EGU24-729, updated on 08 Mar 2024
EGU General Assembly 2024
© Author(s) 2024. This work is distributed under
the Creative Commons Attribution 4.0 License.

Ground beetles trophic interactions alter available nitrogen in forest soils

Janey Lienau, Marlyse C. Duguid, and Oswald J. Schmitz
Janey Lienau et al.
  • Yale University, Yale School of the Environment, New Haven, United States of America (

The dominant paradigm is that nitrogen cycles from plants to soil organic matter, being released in mineral form in the soil after organic matter is decomposed by microbes to be taken up again by plants. It is generally held that the process of decomposition is the rate-limiting step in the cycle. Ground dwelling macroinvertebrates may play a large role in ecosystem function by mediating microbe decomposition via predation and could be key links between plant litter and nitrogen availability in soil nutrient cycles. Ground beetles (Carabidae) are an abundant family of soil invertebrates that prey on groups of decomposing invertebrates. The goal of this study was to develop how predation from ground beetles contributes to nitrogen cycling as forests age. We hypothesized that ground beetles in young and old forests would indirectly impact available nitrogen. Our approach to addressing predator impacts on nitrogen cycling in forest soils was an experiment in young and old forest stands at Yale-Myers Forest in the northeastern United States using mesocosm cages stocked with predatory and detritivore ground beetles to create a trophic cascade over 68-days. Both forest sites had five blocks of three clustered treatments (n = 30). Treatments consisted of a control, detritivore, and predator and we took soil cores in each cage to assess available nitrogen. We used standard mesocosm cages that were designed for research on arthropod trophic interactions in ecosystems 1 m2, 0.8 m tall cylindrical mesocosms constructed with a scaffolding covered with fine mesh aluminum stocked with live beetles. We conducted a series of linear mixed-effect models in RSudio from the nlme package and lme() function in R Studio to predict the delta nitrogen mineralization rate by treatment in both young and old forests separately. We used ground beetle treatment as a fixed effect and block as a random effect to account for variation in microsite differences. Here we show differences in available nitrogen between forest types (P-value = 0.03). Our hypothesis that predators would impact available nitrogen was supported in young forests. Net nitrogen mineralization (P-value = 0.007) was consistently higher in the predator treatments compared to the control. In conclusion, this study suggests predator top-down control may be important for soil nitrogen availability in temperate forest soil via mediating microbe decomposition. Macroinvertebrates and their food web interactions in the soil should be further investigated and included in soil biogeochemical models.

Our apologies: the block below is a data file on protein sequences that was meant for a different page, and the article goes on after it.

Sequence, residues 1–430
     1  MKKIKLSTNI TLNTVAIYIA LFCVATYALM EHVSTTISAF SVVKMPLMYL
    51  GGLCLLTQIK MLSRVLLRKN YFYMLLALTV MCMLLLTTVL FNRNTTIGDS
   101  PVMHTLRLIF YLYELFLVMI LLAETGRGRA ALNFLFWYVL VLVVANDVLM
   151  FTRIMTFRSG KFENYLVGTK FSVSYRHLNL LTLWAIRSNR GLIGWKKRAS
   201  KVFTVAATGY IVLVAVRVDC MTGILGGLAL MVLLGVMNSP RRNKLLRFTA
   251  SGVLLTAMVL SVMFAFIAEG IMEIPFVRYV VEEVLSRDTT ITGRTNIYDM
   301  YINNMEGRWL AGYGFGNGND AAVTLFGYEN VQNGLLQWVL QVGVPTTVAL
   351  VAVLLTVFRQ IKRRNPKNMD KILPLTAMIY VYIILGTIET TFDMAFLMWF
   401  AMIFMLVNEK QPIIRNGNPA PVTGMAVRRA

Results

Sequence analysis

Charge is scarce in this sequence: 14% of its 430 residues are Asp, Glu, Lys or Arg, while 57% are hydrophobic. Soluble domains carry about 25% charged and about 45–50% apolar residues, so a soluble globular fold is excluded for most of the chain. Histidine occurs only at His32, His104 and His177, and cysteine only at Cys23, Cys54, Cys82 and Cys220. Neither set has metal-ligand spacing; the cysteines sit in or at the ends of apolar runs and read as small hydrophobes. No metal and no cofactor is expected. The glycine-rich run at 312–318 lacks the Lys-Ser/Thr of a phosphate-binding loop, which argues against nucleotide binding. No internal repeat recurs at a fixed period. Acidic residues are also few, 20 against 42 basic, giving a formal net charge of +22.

How to cite: Lienau, J., Duguid, M. C., and Schmitz, O. J.: Ground beetles trophic interactions alter available nitrogen in forest soils, EGU General Assembly 2024, Vienna, Austria, 14–19 Apr 2024, EGU24-729,, 2024.